Our review team spoke with several mental health experts about text therapy, and their opinions on text therapy were varied. It is best to use audio therapy, video or in-person sessions to complement text therapy.
“I often advise my clients not to have tough or emotionally charged conversations with their loved ones over text,” she says Tara McGrath, a licensed marriage and family therapist practicing in San Diego. “The same advice would apply to the sometimes difficult conversations that are often part of therapy. The intimate and powerful relationship between client and therapist does not function exclusively over text.”
Natasha Dean, a licensed professional clinical counselor in private practice in Silver Spring, Maryland, expands on the disadvantages of text therapy, including how it invites opportunities for misunderstanding and miscommunication. “There is a lack of context over text. We miss facial expressions, body language, tone of voice, affect, speech patterns, and many other verbal and non-verbal cues that therapists use to gather a range of information and assess situations” , says Deen. “This includes inconsistencies between content and tone, symptoms, diagnoses, problem severity, and more.” He adds that texting can also be more time-consuming than video therapy or audio therapy.
Lauren Hornbeck, a licensed professional counselor in private practice in Pueblo West, Colo., does not recommend text therapy for reasons similar to Deen’s, but adds that the preference for text therapy may involve a physical, mental, or relational barrier to the therapy “Text therapy has a distancing factor that doesn’t allow for an authentic psychotherapy experience,” he says. “I would recommend that a person challenge themselves to look at their underlying resistance to vulnerability. There is likely to be something mentally or emotionally preventing that person from being seen authentically and avoiding vulnerability.”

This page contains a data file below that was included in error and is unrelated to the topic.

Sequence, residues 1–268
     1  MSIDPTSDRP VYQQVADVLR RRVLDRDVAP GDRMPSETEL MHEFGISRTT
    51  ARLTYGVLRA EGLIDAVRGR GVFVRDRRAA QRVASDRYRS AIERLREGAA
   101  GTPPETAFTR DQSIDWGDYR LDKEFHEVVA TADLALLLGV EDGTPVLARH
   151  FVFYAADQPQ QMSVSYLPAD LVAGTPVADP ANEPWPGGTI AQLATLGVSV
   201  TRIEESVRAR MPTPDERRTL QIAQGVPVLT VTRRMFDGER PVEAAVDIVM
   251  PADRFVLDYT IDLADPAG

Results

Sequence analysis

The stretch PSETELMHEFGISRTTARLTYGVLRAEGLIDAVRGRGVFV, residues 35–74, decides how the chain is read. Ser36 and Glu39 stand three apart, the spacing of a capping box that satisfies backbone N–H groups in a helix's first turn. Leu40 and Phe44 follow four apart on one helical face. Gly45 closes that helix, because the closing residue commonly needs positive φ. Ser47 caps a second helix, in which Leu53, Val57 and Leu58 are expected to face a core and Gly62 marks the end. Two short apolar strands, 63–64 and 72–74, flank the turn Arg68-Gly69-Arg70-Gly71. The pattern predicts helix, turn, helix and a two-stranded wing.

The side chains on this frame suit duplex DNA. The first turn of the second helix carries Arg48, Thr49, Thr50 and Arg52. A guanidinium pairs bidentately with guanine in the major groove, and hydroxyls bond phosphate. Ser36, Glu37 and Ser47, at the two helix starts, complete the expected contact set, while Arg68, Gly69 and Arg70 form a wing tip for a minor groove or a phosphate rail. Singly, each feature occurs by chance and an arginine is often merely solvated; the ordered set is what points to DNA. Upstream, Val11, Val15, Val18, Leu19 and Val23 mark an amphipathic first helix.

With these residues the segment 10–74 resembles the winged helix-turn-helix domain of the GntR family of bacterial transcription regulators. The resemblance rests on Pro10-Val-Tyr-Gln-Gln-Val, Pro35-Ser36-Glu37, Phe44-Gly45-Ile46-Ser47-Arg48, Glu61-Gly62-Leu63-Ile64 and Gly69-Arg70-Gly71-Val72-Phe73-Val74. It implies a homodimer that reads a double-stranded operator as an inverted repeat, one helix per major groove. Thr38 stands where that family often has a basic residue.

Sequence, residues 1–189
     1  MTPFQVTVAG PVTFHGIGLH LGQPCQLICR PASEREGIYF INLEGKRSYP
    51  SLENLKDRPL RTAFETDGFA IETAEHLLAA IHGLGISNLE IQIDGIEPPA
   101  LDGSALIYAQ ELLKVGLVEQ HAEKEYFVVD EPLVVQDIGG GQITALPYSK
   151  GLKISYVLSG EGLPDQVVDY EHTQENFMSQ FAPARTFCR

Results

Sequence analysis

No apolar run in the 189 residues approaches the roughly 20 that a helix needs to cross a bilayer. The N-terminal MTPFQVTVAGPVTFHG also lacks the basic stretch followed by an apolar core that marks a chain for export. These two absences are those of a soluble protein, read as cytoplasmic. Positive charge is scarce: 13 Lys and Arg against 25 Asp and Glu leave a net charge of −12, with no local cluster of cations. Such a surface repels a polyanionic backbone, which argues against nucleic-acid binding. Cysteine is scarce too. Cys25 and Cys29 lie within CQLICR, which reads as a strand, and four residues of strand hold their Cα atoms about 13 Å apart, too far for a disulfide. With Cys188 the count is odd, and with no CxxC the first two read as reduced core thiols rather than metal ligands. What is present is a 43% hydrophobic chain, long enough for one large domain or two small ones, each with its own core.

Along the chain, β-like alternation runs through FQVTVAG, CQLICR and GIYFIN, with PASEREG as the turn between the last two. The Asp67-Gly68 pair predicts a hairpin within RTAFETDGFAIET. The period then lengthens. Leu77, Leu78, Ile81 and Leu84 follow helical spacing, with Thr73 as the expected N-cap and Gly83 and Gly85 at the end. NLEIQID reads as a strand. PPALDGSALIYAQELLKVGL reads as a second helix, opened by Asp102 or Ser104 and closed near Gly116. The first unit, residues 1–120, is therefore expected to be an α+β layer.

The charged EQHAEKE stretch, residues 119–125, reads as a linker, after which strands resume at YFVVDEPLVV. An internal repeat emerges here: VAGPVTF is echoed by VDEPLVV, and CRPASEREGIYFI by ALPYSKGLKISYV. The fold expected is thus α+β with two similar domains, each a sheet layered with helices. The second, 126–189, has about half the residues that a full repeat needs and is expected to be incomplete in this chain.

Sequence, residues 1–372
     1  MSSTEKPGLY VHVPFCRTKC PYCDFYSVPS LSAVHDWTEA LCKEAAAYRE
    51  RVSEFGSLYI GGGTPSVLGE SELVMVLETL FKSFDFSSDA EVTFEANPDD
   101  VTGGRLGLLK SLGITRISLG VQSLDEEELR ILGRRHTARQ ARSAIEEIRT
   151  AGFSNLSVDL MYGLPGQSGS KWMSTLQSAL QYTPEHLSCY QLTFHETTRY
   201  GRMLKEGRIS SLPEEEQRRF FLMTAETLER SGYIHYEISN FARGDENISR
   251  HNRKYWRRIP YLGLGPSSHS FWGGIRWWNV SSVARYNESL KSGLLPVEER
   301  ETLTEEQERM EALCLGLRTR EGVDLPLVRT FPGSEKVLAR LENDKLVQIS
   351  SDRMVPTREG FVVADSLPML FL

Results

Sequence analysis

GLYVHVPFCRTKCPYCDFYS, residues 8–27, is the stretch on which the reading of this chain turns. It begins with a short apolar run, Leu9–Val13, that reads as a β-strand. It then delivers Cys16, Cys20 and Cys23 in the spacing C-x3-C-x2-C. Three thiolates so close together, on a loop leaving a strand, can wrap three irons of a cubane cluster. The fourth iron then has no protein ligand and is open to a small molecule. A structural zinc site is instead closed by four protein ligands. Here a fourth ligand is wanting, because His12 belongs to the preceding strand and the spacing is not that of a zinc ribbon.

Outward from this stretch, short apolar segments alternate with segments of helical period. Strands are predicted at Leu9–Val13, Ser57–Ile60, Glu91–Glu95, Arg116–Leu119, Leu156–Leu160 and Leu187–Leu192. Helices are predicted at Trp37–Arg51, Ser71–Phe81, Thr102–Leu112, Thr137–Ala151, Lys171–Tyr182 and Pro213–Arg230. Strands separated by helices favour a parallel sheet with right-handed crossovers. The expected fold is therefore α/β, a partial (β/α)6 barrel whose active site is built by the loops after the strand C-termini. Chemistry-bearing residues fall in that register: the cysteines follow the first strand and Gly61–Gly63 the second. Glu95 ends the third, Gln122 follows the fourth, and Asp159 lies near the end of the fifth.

Steven Reidbord, MD, a psychiatrist in private practice in San Francisco, doesn’t consider texting a form of psychotherapy, adding that while texting can provide some degree of emotional support, you might as well talk to a friend no training in mental health. “Evidence for the effectiveness of text therapy for real emotional disorders is scarce,” says Dr. Reidbord.
Some of the experts we spoke to had more positive views about text therapy. Steve Carleton, LCSW, the executive clinical director of Gallus Detox in Denver, says the effectiveness of text therapy depends on the patient, their condition and the therapist’s approach, noting that it allows for greater flexibility and a sense of comfort for those who they prefer to do so. express themselves through writing or who struggle with social anxiety. “It is crucial to prioritize what will be most effective for the individual in achieving their therapy goals, rather than sticking with a particular mode of communication just because it may be convenient or familiar. Ultimately , it’s up to the therapist and the patient to determine what form of therapy will work best for them,” says Carleton.
Seconds Kara Nassour, a licensed professional counselor in Austin, Texas, “Text therapy can be effective, especially for people who are deaf or have difficulty communicating in real time.” Nassour adds that text-based therapy options can help more people with disabilities access health care.
FAIR-USE COPYRIGHT DISCLAIMER
Copyright Disclaimer Under Section 107 of the Copyright Act 1976, allowance is made for “fair use” for purposes such as citation, syndication, criticism, commenting, news reporting, teaching, scholarship, and research. Fair use is a use permitted by the copyright statute that might otherwise be infringing. Non-profit, educational, or personal use tips the balance in favor of fair use.
-This article has no negative impact on the original works (It would actually be positive for them).
-This article is also for teaching and inspirational purposes.
– It is not transformative in nature